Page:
6. Bunions and Hammertoes
These painful deformities of the great toe (bunions) and smaller toes (hammertoes) can be genetic, but they get worse if you consistently wear too-tight shoes, says Suzanne C. Fuchs, DPM, a holistic podiatrist and fitness specialist in New Hyde Park, NY. “These joints commonly become painful when shoes rub against them and cause inflammation, swelling, and redness,” she says. With bunions, a firm, painful bump develops at the base of the big toe, sometimes causing that toe to veer diagonally toward the second toe. Hammertoes happen when one of the toe muscles becomes weak and, as a result, puts pressure on the tendons and joints in one or more toes, causing the toe to stick up at the joint.
The fix: Choose the right shoes. To help prevent bunions and hammertoes in the first place, make sure you’re wearing shoes with a wider toe box, says Fuchs. There should be about a half-inch of space between the tip of your longest toe and the end of the shoe. “Your shoes shouldn’t cause too much pressure on your feet and toes or cause them to crunch up,” she says. You might also add specific padding to help alleviate calluses (caused when these enlarged toe joints rub against your shoes), or add orthotics to your shoes, says Fuchs. “These can improve the biomechanics of the foot, helping to balance the muscles and tendons and stop bunions and hammertoes from worsening.”
7. Ingrown Toenails
Ingrown toenails cause a throbbing, painful sensation, and usually affect the big toes.
An ingrown toenail occurs when the side edge of your nail curls down and digs into the toe’s skin, causing pain that makes you aware of a toe that you don’t normally even think about.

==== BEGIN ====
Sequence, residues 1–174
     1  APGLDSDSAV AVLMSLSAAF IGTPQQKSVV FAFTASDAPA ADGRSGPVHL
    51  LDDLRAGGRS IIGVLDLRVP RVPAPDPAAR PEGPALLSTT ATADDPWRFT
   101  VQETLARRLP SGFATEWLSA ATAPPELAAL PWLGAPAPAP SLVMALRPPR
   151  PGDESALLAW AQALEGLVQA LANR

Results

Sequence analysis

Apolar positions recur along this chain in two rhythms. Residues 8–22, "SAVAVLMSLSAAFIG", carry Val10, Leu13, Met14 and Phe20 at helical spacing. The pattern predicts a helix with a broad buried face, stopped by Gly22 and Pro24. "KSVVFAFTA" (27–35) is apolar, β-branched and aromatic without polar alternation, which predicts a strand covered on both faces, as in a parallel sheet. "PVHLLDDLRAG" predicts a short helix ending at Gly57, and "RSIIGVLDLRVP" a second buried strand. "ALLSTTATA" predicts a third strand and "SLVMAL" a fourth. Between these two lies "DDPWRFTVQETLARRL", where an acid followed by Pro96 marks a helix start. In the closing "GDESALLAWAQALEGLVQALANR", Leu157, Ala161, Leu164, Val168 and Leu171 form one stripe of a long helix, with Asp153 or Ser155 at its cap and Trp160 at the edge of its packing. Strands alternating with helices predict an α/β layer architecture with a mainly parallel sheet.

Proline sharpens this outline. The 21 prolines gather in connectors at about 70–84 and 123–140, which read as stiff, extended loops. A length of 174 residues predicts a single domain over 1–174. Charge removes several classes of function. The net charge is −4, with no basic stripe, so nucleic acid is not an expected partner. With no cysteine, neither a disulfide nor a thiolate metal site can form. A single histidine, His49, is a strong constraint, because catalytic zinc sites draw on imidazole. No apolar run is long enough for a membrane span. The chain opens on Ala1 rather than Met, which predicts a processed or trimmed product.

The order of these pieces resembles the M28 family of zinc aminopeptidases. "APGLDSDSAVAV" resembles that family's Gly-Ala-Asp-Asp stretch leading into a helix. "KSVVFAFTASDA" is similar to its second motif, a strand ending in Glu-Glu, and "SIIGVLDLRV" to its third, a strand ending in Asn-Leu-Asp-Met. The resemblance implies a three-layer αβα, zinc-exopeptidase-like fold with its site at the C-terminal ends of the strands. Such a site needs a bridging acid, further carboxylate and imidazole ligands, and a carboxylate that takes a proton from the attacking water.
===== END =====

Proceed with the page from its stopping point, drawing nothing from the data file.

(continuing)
Wearing shoes that are too tight or too narrow can exacerbate an ingrown toenail.
To fix the problem:
– Enjoy a warm water foot soak a few times a day to reduce swelling, pain and tenderness. To increase the effectiveness, add a little Epsom salt or apple cider vinegar to the water.
– After soaking, you can use cotton or floss to gently lift the nail edge so that it doesn’t grow further into your skin.
– You can trim the nail yourself if there’s no infection.
– In case of an infection, always see your doctor or a podiatrist.
– To help prevent this problem, always cut your toenails straight across and don’t file the corners down.
8. Stone bruise
This is an extremely painful bruise, usually caused by an impact injury or by stepping on a hard object. It often feels like you have a stone in your shoe! Like any bruise it will go away by itself, but until then WebMD recommends resting your foot and icing the area.
9. Sprains and strains
Exercising excessively or without proper form are both common causes of these minor injuries. They can also occur sudden trauma, such as a fall, twist, or blow to the body.
Treat these injuries with rest, ice, compression, and elevation. If the pain doesn’t subside, visit your doctor, you may be suffering from a muscle tear or a more serious injury.
Gout falls under the arthritis spectrum, as it brings sudden burning pain, stiffness, and swelling in a joint, typically in the big toe.
Left untreated, gout attacks come over and over again until they harm your joints, tendons, and other tissues.
Gout is caused by too much uric acid in the blood, which accumulates into crystals in the joint. People who are overweight, drink too much alcohol, eat too much meat and fish, and take diuretics regularly are at a higher risk.
During a gout attack, rest the affected joint, ice and elevate it, and take anti-inflammatory foods. It’s also a good idea to drink plenty of water to flush out the excess uric acid.